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The difference between pipe and platform business models

Platform business models create value through the exchange of services or content between two groups, producers and consumers. The exchange is enabled by a panoply of technologies, from cloud computing to data analytics, and in most companies with such platform business models, users are able to both offer and receive a product or service. Uber, YouTube, and Airbnb are some of the companies that have found success using these exchange-type platform business models.

At the recent MIT Platform Strategy Summit, Sangeet Paul Choudary, founder of the think tank Platformation Labs, was asked to describe the platform business model and how it differs from the traditional pipe business model. Read on to learn the core differences between the two, and how platform business models operate.

What is a platform business model and how is it different from a traditional pipe model?

[Platform business models] enable plug-and-play infrastructure into which producers and consumers can directly plug in, and they then govern the market interactions that ensue on top of the infrastructure.

Sangeet Paul Choudary: When I first thought about the platform business model, I wanted to illustrate how significant the shift is from traditional business models. So to illustrate that, I used the metaphor of a pipeline. The traditional pipeline business model is one in which the flow of value is linear from a producer to a consumer, and that's the model that we've seen in the industrial era where manufacturing, media, services, everything has followed a pipeline business model. What we've seen today in an age of connectivity and in an age of data and intelligence is that we're seeing vast amounts of network flows of value.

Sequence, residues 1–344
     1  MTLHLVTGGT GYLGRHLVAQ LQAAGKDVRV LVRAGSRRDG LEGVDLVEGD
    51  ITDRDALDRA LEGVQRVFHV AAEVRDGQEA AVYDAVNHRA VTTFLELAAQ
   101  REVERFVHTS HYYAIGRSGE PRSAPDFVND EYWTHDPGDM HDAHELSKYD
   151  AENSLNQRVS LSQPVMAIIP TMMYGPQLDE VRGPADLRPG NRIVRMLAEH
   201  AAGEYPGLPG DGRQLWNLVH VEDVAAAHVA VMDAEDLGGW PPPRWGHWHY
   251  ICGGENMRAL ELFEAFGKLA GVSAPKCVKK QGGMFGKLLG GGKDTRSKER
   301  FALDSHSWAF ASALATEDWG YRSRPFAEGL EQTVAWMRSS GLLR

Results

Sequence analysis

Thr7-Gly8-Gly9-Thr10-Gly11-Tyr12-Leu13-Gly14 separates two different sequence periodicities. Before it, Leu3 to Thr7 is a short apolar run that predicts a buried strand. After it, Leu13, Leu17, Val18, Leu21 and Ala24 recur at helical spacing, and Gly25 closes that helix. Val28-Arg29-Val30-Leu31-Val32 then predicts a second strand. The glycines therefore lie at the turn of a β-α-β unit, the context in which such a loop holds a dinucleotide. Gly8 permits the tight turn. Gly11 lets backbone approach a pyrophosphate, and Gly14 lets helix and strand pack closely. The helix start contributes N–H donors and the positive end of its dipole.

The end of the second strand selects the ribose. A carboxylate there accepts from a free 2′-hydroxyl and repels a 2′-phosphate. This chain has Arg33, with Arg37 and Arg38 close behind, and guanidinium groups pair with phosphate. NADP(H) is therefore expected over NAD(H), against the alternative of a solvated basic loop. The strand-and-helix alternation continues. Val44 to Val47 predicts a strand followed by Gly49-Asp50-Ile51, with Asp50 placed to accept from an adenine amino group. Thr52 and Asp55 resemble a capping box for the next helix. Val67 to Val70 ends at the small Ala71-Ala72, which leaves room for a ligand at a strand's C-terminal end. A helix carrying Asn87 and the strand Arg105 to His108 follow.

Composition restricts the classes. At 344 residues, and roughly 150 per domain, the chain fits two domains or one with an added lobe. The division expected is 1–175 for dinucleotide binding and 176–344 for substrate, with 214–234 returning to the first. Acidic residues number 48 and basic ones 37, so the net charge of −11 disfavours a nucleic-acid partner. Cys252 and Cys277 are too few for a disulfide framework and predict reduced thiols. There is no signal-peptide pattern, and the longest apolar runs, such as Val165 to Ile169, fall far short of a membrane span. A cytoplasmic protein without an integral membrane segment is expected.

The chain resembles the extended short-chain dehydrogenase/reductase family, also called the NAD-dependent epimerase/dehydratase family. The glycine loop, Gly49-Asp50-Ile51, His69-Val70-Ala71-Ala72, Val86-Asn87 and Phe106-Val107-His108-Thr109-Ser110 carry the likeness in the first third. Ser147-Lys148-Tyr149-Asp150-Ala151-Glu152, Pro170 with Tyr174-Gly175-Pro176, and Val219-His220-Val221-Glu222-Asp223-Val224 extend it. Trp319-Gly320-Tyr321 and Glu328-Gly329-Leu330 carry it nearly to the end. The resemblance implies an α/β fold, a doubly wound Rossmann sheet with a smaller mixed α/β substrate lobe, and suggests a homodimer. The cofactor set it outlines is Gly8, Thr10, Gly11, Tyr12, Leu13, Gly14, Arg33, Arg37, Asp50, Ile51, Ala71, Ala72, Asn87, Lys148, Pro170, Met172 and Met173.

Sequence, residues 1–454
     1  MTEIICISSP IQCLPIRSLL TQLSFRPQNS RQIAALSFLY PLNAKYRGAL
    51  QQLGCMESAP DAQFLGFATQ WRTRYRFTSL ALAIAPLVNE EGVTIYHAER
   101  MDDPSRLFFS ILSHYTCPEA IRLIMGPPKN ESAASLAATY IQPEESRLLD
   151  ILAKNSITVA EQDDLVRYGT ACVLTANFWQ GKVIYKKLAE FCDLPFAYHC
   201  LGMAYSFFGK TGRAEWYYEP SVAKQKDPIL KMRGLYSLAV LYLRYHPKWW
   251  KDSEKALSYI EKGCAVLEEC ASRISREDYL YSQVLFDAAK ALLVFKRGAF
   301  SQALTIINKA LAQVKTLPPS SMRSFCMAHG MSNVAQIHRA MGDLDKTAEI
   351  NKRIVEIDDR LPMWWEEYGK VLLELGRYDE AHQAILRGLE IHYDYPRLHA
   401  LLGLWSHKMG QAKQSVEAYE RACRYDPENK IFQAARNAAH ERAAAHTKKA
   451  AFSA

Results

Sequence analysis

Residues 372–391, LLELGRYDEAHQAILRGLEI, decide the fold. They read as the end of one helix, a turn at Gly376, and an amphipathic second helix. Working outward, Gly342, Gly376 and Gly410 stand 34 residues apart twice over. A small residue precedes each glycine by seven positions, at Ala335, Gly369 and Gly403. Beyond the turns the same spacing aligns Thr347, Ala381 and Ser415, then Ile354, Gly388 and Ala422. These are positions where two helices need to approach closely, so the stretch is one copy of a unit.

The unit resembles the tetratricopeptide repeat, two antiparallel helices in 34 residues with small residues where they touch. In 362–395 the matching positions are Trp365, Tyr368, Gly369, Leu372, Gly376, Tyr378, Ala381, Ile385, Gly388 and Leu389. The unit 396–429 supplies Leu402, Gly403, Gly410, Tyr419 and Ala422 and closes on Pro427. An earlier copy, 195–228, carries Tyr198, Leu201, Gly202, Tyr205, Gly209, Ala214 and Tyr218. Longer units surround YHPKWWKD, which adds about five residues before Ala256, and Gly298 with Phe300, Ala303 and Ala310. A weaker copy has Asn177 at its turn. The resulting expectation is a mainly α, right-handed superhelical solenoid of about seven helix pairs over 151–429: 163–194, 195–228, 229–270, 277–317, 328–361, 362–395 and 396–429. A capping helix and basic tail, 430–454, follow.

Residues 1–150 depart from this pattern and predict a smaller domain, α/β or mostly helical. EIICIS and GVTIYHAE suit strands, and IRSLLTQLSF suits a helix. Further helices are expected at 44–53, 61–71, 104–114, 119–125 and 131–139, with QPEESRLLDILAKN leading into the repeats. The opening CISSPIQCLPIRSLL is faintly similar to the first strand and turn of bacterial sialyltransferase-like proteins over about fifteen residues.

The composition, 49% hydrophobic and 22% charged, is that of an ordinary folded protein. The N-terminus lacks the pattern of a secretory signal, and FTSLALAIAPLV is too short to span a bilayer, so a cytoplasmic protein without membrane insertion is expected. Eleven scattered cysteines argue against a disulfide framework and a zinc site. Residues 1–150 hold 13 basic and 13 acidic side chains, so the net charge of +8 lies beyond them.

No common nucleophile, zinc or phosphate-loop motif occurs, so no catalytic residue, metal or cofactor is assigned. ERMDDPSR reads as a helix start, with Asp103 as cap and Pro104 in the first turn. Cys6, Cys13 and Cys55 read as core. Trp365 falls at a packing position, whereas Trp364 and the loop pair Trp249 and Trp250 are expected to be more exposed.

So you look at a hotel. It has a pipeline flow of value, but if you look at Airbnb, it has a network flow of value, hosts and guests interacting with each other. And platforms are the plug-and-play infrastructure that enable and harness this network flow of value. Platforms specifically perform two key roles. They enable plug-and-play infrastructure into which producers and consumers can directly plug in, and they then govern the market interactions that ensue on top of the infrastructure. And that's fundamentally what makes a platform business model very different from a pipeline business model.

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Are there any companies that have transitioned from a pipeline business model to a platform business model?
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A third benefit of platform models is that they facilitate maximizing flow by enabling resources to break from the serial, pipeline model.
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